“My whole life / Was like a picture of a sunny day,” Carrie Brownstein sings in Sleater-Kinney’s “Modern Girl.” It’s one of the band’s happier-sounding songs, with a catchy, almost sweet melody belied by the deeply ironic, cutting lyrics. She follows up those lines with the ones that inspire the title of her new book: “My baby loves me, I’m so hungry / Hunger makes me a modern girl.”
As she reveals in her excellent new memoir, Brownstein’s life wasn’t all sunshine. The riot grrrl legend and Portlandia comedian endured more pain before she was 30 than many people ever will. But there’s no trace of complaint or self-pity in Hunger Makes Me a Modern Girl; it’s a memoir that’s both candid and brave, and a powerful tribute to the power of music to heal, to connect, to break you down and then make you whole again.
Brownstein’s book begins with a brief prologue that sees Sleater-Kinney about to play a show in Belgium in 2006. Brownstein has shingles, and is contemplating breaking her own fingers so she’ll be able to end the tour and go home. “Sleater-Kinney was my family … it had saved my life countless times … And I was about to destroy Sleater-Kinney.” Sure enough, the band broke up that year, only to reform eight years later.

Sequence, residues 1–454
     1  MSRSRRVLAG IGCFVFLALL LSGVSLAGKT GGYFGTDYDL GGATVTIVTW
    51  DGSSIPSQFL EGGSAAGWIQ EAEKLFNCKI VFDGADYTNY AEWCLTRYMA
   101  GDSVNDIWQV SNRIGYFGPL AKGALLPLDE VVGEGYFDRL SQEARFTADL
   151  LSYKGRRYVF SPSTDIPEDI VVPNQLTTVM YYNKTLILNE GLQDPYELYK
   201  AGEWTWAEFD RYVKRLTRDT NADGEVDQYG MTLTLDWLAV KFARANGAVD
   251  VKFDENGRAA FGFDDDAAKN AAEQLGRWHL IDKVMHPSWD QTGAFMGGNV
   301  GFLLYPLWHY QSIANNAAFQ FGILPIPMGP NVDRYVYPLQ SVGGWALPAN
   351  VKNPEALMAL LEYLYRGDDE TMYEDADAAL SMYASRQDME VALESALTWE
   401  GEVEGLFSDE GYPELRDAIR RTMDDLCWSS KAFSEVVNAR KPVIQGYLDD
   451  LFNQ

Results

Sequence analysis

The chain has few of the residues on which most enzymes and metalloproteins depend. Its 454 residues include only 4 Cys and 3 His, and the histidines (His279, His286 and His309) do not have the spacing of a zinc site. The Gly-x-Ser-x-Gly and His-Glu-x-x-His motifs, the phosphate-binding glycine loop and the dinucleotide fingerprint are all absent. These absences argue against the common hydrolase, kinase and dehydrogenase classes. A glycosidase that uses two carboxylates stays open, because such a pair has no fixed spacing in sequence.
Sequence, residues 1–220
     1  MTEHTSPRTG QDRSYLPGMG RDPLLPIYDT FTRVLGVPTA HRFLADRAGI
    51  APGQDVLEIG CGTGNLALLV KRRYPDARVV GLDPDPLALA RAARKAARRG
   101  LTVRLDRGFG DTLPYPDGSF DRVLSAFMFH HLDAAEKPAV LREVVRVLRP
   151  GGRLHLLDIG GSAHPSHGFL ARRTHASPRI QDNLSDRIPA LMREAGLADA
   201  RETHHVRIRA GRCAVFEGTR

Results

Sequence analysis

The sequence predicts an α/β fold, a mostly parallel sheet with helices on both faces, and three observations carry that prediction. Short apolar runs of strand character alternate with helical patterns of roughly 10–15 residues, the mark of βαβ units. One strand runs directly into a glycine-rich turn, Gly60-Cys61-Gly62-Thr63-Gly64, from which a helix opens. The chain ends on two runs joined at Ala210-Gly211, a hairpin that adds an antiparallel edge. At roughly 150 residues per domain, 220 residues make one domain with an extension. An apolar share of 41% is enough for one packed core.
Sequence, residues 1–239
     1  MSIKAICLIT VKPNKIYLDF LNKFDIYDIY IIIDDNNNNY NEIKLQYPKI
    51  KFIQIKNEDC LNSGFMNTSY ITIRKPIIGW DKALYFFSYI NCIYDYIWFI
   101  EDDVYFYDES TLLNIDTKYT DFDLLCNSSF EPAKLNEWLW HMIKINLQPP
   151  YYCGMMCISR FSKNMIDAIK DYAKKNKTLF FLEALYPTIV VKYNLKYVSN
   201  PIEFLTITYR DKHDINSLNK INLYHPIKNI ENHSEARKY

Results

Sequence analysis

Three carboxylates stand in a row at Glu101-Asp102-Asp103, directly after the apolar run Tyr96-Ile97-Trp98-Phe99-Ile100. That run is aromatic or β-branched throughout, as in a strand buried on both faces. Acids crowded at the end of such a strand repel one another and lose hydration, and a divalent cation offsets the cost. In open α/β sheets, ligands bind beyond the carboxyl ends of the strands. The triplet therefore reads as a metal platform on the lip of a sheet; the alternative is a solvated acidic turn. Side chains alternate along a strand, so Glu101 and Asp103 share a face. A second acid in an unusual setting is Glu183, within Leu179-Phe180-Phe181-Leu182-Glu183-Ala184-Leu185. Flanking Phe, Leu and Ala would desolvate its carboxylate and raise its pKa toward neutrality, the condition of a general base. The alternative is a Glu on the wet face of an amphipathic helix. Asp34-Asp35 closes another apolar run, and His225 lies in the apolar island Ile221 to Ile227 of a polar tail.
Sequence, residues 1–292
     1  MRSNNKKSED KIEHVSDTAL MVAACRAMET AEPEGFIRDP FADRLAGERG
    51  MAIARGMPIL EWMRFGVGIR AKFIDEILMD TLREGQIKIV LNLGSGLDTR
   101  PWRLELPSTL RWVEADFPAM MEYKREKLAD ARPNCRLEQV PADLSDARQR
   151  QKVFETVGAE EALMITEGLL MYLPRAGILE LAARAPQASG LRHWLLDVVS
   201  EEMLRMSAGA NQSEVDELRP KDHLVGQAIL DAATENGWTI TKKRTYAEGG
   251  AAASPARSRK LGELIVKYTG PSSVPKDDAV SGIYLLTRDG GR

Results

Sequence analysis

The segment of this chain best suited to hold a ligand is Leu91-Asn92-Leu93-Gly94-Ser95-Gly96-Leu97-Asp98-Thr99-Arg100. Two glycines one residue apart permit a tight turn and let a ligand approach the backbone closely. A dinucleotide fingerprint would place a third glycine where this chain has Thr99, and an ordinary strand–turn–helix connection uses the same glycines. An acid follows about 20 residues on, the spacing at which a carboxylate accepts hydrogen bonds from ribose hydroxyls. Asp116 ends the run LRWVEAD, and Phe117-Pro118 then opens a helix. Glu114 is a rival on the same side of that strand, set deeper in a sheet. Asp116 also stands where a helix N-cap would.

A page later, Brownstein hits rewind, and we’re introduced to her as a child growing up in the Seattle suburbs. She was an early entertainer, always eager to be the center of attention, but she was mostly a fan, devoted to Madonna and George Michael: “This is what it is to be a fan: curious, open, desiring for connection, to feel like art has chosen you, claimed you as its witness.”
If her early childhood was happy, it didn’t last long. She fought bitterly with her mother, the two throwing things at each other in particularly tense moments (“Everything was a projectile, an indoor hailstorm”); later, her mother would seek treatment for severe anorexia, and eventually leave her family. Brownstein’s father, she would later learn, had been living in the closet; he came out as gay when he was 55.